Catholic-Jewish national  Dialogue

December 10, 2015 by J-Wire Staff
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The “Annual Conversation” between representatives of the Australian Catholic Bishops’ Conference and the Executive Council of Australian Jewry has now convened eighteen times, with the 2015 session convened at Sydney’s Mary Mackillop House.

Getting together

Getting together

Honorary Life Member and former president of the ECAJ Jeremy Jones who Co-Chairs the Conversations with Archbishop Christopher Prowse of Canberra and Goulburn, informed the Bishops of the significance of the number eighteen, as “chai”, meaning “Life”, and why we should now consider the Annual Conversations as mature and well-established in the lives of the national Jewish and Catholic bodies. Raymond Canning, Executive Secretary of the Bishops Commission for Ecumenism and Interreligious Relations, noted this was an appropriate occasion to pay tribute to Denise Sullivan, a pioneer of the Annual Conversations.
The Conversation opened with readings of Psalm 116 by Rabbis Ben Elton, of The Great Synagogue, Sydney (in Hebrew), and Archbishop Prowse (in English). It was noted that the Pope John Paul II and the Jewish delegation led by the late Leslie Caplan had opened their formal dialogue 29 years earlier in Sydney with this psalm.
The participants then shared brief reflections on how their lives had been enriched through contact with the other faith, with Melkite Bishop Robert Rabat sharing stories of his life in Lebanon and Australia, Rabbis David Freedman and Ben Elton their experiences in the UK, Bishop Gerard Hanna and Bill Arnold on life in rural Australia, Peter Wertheim, ECAJ Executive Director, and Rabbi Alon Meltzer talking of the perceptions of Catholics from Jews of different generations and Bishop Bill Wright noting that the relationship in Australia made it possible to discuss both areas of common concerns and issues which may appear to be obstacles to dialogue.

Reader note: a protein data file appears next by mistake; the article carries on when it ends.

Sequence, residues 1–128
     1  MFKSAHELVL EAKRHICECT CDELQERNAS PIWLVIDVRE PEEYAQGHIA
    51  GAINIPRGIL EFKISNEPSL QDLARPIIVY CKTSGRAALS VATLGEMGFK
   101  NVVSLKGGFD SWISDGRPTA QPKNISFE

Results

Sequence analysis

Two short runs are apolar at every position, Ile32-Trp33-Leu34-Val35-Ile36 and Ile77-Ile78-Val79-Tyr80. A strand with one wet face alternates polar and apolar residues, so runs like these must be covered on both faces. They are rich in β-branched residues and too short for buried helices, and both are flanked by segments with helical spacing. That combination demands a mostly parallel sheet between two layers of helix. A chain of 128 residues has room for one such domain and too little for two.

Jeremy Jones, who is Director of International and of Community Affairs for the Australia/Israel & Jewish Affairs Council, presented an outline of the complexities of the topic chosen for the Conversation, “Religious Intolerance”, which manifests itself through intolerance within faiths, of one faith for another or others, of secular society of religion and in a number of other ways.
All the participants then contributed to the wide-ranging discussions, in an open, frank but constructive and collegial way.
Archbishop Prowse concluded the meeting with an overview of Religious Intolerance as manifested  in contemporary Australia, with all participants agreeing that there were many areas for cooperation and mutual support.

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